In 1964, the fatal stabbing of Kitty Genovese made this sense of threat more palpable. Genovese, a 28-year-old woman returning from a night shift, was brutally attacked in the entrance of her Queens, N.Y. apartment building. Thirty-eight of her neighbors purportedly heard her screams and did nothing to help. Her story launched a new psychological term: the Bystander Effect, which refers to the idea that the greater the number of bystanders, the less likely people are to act as good Samaritans.

But there was a problem with both the term and the story. Many of the details of the Kitty Genovese story turned out to be false. She did die at the hands of a violent stranger, but subsequent sleuthing revealed that several bystanders did, in fact, try to intervene. And a study published last month in the journal American Psychologist confirms that bystanders aren’t as passive as we once thought. Not only will an observer often step forward in a real crisis, but the more people are present, the more likely the victim is to get assistance.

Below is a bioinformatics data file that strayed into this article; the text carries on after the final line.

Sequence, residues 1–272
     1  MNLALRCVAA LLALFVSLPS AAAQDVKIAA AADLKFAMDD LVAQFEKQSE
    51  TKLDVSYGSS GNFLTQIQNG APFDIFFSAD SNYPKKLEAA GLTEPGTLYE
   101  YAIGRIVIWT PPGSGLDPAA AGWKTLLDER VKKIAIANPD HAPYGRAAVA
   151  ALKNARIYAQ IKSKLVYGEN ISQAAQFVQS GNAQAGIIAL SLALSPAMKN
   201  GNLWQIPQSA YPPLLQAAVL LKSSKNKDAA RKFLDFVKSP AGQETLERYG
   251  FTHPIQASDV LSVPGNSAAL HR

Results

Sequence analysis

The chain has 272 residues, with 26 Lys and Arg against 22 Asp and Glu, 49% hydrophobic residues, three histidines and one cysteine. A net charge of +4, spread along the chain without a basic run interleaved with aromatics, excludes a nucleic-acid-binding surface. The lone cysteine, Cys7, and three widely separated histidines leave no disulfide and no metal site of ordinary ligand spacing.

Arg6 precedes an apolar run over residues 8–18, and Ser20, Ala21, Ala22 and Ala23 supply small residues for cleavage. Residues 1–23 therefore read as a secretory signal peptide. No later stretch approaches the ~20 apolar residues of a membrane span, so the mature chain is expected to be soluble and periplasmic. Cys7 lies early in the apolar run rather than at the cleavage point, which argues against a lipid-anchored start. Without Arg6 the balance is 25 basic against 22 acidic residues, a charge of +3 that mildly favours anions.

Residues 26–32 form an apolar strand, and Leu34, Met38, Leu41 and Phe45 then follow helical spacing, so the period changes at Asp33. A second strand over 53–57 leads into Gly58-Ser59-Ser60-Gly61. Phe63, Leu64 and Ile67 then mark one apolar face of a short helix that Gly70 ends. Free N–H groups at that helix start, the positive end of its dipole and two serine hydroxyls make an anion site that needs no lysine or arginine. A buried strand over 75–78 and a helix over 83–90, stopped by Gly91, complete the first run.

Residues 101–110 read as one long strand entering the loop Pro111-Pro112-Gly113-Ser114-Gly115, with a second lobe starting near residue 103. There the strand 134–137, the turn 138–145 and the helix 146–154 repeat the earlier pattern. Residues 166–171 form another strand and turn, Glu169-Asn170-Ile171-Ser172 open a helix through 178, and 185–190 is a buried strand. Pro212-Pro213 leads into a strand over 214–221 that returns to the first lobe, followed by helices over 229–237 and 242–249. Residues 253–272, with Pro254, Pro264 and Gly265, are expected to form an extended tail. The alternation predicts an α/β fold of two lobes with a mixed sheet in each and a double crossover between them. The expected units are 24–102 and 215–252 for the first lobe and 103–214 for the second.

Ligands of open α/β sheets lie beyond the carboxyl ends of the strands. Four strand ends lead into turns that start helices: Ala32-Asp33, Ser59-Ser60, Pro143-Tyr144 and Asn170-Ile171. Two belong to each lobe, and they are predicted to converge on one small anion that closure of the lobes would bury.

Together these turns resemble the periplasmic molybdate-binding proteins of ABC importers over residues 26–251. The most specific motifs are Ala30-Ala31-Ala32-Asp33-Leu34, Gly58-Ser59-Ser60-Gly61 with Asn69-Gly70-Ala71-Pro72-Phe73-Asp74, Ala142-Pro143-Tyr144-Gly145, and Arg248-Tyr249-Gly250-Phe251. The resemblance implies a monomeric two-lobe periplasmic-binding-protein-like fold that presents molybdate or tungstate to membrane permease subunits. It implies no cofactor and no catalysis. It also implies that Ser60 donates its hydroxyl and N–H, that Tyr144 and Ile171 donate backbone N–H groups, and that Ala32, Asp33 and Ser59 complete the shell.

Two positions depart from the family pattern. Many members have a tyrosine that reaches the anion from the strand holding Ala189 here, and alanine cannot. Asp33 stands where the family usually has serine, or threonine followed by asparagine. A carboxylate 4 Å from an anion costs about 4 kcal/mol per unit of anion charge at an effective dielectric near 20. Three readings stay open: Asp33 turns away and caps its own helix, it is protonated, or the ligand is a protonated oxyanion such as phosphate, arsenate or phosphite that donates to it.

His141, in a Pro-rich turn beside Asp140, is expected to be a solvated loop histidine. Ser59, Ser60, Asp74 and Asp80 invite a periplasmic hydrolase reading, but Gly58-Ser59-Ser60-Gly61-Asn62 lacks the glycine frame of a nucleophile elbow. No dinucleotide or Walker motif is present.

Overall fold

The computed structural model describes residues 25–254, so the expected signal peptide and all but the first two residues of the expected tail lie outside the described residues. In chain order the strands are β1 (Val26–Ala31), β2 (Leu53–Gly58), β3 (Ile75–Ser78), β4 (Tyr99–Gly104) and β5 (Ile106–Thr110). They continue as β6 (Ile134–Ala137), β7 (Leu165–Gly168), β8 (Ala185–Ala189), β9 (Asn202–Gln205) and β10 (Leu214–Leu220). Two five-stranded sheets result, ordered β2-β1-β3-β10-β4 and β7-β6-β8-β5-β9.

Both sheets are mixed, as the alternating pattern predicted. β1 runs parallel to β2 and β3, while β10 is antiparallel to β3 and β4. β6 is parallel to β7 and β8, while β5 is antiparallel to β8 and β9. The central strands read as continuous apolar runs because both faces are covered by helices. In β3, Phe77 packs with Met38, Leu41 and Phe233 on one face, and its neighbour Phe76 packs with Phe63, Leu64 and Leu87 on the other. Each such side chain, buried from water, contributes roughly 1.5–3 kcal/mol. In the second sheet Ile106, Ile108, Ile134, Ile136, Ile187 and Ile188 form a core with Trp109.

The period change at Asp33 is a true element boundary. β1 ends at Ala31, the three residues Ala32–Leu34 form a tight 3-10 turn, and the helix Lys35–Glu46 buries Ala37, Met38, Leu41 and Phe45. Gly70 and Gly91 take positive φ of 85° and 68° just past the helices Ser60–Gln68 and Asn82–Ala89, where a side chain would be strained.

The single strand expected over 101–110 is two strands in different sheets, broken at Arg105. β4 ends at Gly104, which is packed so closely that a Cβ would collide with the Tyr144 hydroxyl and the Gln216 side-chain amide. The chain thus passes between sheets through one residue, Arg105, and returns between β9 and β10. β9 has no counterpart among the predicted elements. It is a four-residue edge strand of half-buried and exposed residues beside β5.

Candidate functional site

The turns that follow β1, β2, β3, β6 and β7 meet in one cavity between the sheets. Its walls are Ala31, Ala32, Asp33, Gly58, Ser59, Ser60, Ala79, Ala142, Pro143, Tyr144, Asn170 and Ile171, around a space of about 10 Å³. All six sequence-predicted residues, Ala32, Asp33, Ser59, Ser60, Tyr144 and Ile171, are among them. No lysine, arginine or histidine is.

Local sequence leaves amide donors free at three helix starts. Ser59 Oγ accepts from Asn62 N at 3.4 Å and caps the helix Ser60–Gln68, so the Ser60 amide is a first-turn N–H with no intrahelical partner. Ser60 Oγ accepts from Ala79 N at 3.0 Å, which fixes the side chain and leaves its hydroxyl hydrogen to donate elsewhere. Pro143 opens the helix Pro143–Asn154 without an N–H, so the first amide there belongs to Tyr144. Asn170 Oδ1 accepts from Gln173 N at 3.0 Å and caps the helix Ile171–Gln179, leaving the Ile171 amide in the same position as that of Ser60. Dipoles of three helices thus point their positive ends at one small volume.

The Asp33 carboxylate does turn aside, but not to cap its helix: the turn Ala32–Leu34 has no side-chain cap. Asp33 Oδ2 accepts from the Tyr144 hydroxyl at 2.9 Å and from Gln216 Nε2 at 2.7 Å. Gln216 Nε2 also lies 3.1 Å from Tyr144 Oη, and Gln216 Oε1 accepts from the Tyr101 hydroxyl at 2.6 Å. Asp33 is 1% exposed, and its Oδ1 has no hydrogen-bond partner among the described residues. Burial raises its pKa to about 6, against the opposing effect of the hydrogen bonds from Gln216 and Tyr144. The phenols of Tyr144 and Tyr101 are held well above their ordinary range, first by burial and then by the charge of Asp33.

“It only takes one person to help the victim,” said Richard Philpot, the paper’s first author and a research fellow in psychology at Lancaster University and the University of Copenhagen. Working with three colleagues, Dr. Philpot broke away from previous approaches to documenting the Bystander Effect. Instead of simulating a violent emergency while groups of various sizes looked on, this new study analyzed closed circuit TV footage of real people interacting in public spaces.

In other words, Dr. Philpot’s team focused on genuine conflict—ranging from animated disagreement to physical violence—that spontaneously arose in public places in Amsterdam, Cape Town and Lancaster, U.K.